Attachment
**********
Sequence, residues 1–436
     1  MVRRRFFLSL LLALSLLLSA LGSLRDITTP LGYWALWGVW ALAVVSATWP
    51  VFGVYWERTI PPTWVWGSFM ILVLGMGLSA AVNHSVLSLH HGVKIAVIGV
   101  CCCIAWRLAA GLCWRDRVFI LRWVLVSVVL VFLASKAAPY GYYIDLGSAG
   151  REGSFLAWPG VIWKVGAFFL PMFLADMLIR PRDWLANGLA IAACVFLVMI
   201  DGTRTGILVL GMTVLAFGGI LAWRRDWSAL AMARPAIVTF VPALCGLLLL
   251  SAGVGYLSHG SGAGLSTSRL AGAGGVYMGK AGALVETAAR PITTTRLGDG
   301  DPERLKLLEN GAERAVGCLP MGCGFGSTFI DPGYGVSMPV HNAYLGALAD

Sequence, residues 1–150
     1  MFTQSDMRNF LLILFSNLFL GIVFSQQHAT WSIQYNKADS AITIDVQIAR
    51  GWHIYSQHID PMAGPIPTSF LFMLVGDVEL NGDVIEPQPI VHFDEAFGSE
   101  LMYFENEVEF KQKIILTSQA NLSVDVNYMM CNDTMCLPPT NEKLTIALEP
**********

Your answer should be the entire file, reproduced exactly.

Sequence, residues 1–436
     1  MVRRRFFLSL LLALSLLLSA LGSLRDITTP LGYWALWGVW ALAVVSATWP
    51  VFGVYWERTI PPTWVWGSFM ILVLGMGLSA AVNHSVLSLH HGVKIAVIGV
   101  CCCIAWRLAA GLCWRDRVFI LRWVLVSVVL VFLASKAAPY GYYIDLGSAG
   151  REGSFLAWPG VIWKVGAFFL PMFLADMLIR PRDWLANGLA IAACVFLVMI
   201  DGTRTGILVL GMTVLAFGGI LAWRRDWSAL AMARPAIVTF VPALCGLLLL
   251  SAGVGYLSHG SGAGLSTSRL AGAGGVYMGK AGALVETAAR PITTTRLGDG
   301  DPERLKLLEN GAERAVGCLP MGCGFGSTFI DPGYGVSMPV HNAYLGALAD

Sequence, residues 1–150
     1  MFTQSDMRNF LLILFSNLFL GIVFSQQHAT WSIQYNKADS AITIDVQIAR
    51  GWHIYSQHID PMAGPIPTSF LFMLVGDVEL NGDVIEPQPI VHFDEAFGSE
   101  LMYFENEVEF KQKIILTSQA NLSVDVNYMM CNDTMCLPPT NEKLTIALEP